Jack and the Beanstalk
18/01/2010 - 30/01/2010
BIG FUN FOR KIDS AT THE COURT THESE HOLIDAYS
Young Jack Robinson discovers a giant world of adventure in The Court Theatre’s latest kids show, JACK AND THE BEANSTALK.
Playwright Brendon Bennetts has created a “playful and adventurous” adaptation of the beloved children’s tale, which director Jon Pheloung describes as “fast-paced and lots of fun”. JACK AND THE BEANSTALK incorporates magic tricks and puppetry into the performance to tell the story in an exciting new way.
Javier Jarquin plays Jack, a young boy with “more enthusiasm than common sense” who trades the family cow for some magic beans, much to the chagrin of his mother (Kathleen Burns). When an enormous beanstalk grows the next day, Jack climbs up to find a land ruled by the dim-witted giant Blunderbore (Dan Bain).
JACK AND THE BEANSTALK
Venue: Court One, The Court Theatre
Dates: Monday 18 January – Saturday 30 January
Performances: Mon-Fri 11am & 1pm, Saturday 11am only (no shows Sundays)
Tickets: All tickets $8.
Bookings: The Court Theatre Box Office, 963 0870 or online at www.courttheatre.org.nz
Daniel Bain, Kathleen Burns and Javier Jarquin
Set design and construction: Richard van den Berg
Sound design: Geoff Nunn
Music: Kris Finnerty
Costume design: Emily Thomas
Properties: Nicki Evans, Helen Beswick
Lighting design: Brendan Albrey
Operator: Geoff Nunn
Stage Manager: Charlotte Thompson
Exuberant, delightful, versatile cast
Review by Lindsay Clark 19th Jan 2010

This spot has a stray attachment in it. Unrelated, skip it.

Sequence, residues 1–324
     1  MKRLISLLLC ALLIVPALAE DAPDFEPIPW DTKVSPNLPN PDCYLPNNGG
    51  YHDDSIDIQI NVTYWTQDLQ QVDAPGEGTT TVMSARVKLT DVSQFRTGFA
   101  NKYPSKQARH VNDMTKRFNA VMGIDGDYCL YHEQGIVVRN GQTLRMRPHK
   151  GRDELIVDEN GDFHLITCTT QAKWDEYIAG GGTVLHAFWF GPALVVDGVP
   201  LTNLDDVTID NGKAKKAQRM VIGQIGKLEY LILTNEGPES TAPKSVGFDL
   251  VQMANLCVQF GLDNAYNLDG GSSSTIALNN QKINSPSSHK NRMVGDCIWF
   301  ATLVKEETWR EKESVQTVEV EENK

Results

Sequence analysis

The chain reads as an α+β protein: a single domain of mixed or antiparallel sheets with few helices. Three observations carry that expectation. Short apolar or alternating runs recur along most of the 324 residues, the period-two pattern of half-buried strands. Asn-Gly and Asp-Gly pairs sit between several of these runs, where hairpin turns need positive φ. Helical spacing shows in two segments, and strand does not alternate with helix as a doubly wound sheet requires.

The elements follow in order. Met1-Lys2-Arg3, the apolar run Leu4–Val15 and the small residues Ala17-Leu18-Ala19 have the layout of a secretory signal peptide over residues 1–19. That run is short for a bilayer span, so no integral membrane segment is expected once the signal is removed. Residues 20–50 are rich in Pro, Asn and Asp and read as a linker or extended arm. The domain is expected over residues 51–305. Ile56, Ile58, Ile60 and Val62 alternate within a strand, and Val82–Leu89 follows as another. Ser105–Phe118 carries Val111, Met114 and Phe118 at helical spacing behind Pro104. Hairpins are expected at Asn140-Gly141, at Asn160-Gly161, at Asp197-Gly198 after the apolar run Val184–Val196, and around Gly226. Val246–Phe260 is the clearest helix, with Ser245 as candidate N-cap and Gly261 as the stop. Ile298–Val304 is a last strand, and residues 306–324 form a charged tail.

Time again for the frankest audience of all to test the ability of their theatre elders to engage them in the special delight of staged story telling. On that score, this production would have to be rated a neatly crafted success, sharpening up the old story with bright characters and providing a suitably collaborative ending, so that Jack’s hastily appropriated treasure serves everyone, including the grisly giant with the lust for bones.
The Court team, under the inventive direction of Jon Pheloung, manage with three energetic actors, a simple picture book set and a few lighting effects to sustain audience imagination and gleeful participation for the whole piece. The key to success lies in the bold use of puppetry to drive the story through tricky action such as scaling the beanstalk, as well as the shrewd writing which picks up on lines and situations children know very well. (Big people read newspapers and don’t care for cartoons. Even when you try to do right, things go wrong. Tickling is a very useful weapon. And “Who did that?”)
He’s a lively lad this Jack and the cow that must be sold to finance Mother Robinson’s bakery dream is an instant success as a quick thinking mime. Together with a colourful ogre they present very appealing characters bowling along at a merry pace. The moment everyone waits for, the revealing of the magic beanstalk adds to the fun with a fresh take on the extraordinary vegetable.
As Jack, Javier Jarquin establishes an easy rapport with his audience, filling the role with exuberant physicality.
Dan Bain is a delightfully lanky cow whose gender is a cause for cheerful speculation as his wonderful pink udder is considered alongside the fuzz of beard at the other end. His giant has a wonderful way with the “Fee fi fo fum” lark but is always more entertaining than scary. No frightened whimpers from this audience.
Completing the cast is the versatile Kathleen Burns (Mother and ideas person, sharp salesman and beanstalk persona).
Best of all is the clear enjoyment they bring to the story and their matter of fact treatment of bold moves and staging as if the imagination of their audience could be trusted to follow. As of course it does.
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